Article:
Three Rivers Park
|Three Rivers Park|
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The park, under development since 2000, is intended to be a landmark that will join Frick Park, Schenley Park, Highland Park, Riverview Park, and Grand View Scenic Byway Park as the sixth in the city's network of regional parks.
Three Rivers Park is composed of several capital projects, with Riverlife Task Force overseeing implementation of the park and more than $2.5 billion invested since 1999. The park is being designed to open the three rivers to public access in a way that was impossible during Pittsburgh's Industrial Age. After scheduled completion in the year 2020, it will offer continuous trails and green space along a more than 13-mile waterfront loop between the West End Bridge on the Ohio River, the 31st Street Bridge on the Allegheny River, and the Hot Metal Bridge on the Monongahela River. Contained within the project site boundaries are shorelines, public and private property, and several bridges.
The logo of Three Rivers Park is the outline shape of Fort Pitt, the 18th century outpost of the British Empire at the confluence of the Monongahela, Allegheny, and Ohio Rivers. The design aims to capture the historical significance of Pittsburgh, with added graphic elements of water and leaf shapes to acknowledge the region's natural history. The logo appears on signage throughout Three Rivers Park.
Currently the Riverlife Task Force is managing three capital projects in the development of Three Rivers Park.
Point State Park renovation
Point State Park is undergoing a rehabilitation process to upgrade and construct new facilities to accommodate large events and easier access to the shoreline. While the park has become a primary outdoor event facility, it was not originally designed as such, and current park facilities are becoming outdated and deteriorated. The rehabilitation involves both infrastructure and aesthetic improvements, such as reconstructed restrooms and sidewalks, a renovated fountain, healthier vegetation and new historical interpretation markers.
Mon Wharf Landing
A major capital project in the Three Rivers Park plan is the transformation of the Mon Wharf (the northern shore of the Monongahela River in Downtown Pittsburgh) from a river edge parking deck into a greenway which will serve to connect Point State Park to other destinations up the Monongahela River. Currently, the Mon Wharf is a 5-acre (20,000 m2) parking lot on the Monongahela River, located at the base of the First Side area of downtown, below one highway and parallel to another. This presents annual flooding problems due to poor drainage, harsh lighting from the roadway and parking areas, very high noise levels, and high volumes of water runoff. Riverlife states that the benefits of the completed Mon Wharf Landing will include a pedestrian and bicycle thruway linking Point State Park to the Eliza Furnace Trail, the Great Allegheny Passage and Downtown; safe and easier access for city residents, workers, boaters, families and outdoors enthusiasts to the rivers and trails around Downtown; a water landing providing dockage for small, motorized boats and non-motorized craft; enhanced scenic views of the Mon River edge from the Fort Pitt Bridge, Station Square and Mount Washington; and landscaping that will address the overhead highway storm water and clean air issues.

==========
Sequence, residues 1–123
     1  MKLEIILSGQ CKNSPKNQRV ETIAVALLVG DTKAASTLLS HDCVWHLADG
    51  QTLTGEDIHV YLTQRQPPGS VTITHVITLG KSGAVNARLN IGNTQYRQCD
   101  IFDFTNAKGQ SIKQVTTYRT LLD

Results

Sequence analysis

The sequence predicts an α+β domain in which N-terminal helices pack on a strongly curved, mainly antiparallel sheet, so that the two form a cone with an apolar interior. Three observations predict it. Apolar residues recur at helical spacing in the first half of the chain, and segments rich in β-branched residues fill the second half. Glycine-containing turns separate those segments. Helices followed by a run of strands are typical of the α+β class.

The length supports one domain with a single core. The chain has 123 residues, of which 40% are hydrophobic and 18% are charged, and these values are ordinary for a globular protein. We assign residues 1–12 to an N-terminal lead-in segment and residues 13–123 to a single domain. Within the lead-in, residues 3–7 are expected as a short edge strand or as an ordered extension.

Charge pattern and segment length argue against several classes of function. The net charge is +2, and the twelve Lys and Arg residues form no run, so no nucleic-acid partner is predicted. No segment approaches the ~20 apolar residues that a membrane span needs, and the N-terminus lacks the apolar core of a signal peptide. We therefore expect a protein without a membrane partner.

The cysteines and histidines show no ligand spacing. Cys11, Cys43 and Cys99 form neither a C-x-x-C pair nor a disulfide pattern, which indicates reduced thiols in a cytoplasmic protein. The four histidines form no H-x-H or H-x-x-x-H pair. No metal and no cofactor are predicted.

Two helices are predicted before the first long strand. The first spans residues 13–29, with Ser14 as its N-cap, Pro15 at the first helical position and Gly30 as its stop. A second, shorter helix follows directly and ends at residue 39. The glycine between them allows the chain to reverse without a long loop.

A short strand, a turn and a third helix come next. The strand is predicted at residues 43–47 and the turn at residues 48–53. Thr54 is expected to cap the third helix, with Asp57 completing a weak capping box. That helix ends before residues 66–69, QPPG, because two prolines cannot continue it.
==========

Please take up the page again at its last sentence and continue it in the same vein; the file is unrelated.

As late as the turn of the 20th century the wharf was used for industrial supplies and even "cattle drives" from barges originating in Ohio.
West End Pedestrian Bridge
A major goal of Riverlife is to connect the shores of the Ohio River via a pedestrian bridge and trail system connected to the West End Bridge. Riverlife conducted a design competition to select a design, and a team led by Endres Ware, an architectural and engineering firm based in Berkeley, CA, was selected as the winner. The goal of the new bridge is to enhance access to the bridge for pedestrians and cyclists and to improve the experience of the bridge when upon it on foot or bicycle. The bridge is attached to the West End Bridge, and viewed from a distance, the bridge is supposed to appear unchanged.
In addition to the pedestrian and bike pathway, water landings will be added to the area. The goal is to incorporate the bridge and pathway design into the existing neighborhoods on both sides of the river.
- Patricia Lowry (2007). Riverlife Task Force profile: story by Pittsburgh Post-Gazette. Retrieved May 14, 2007.
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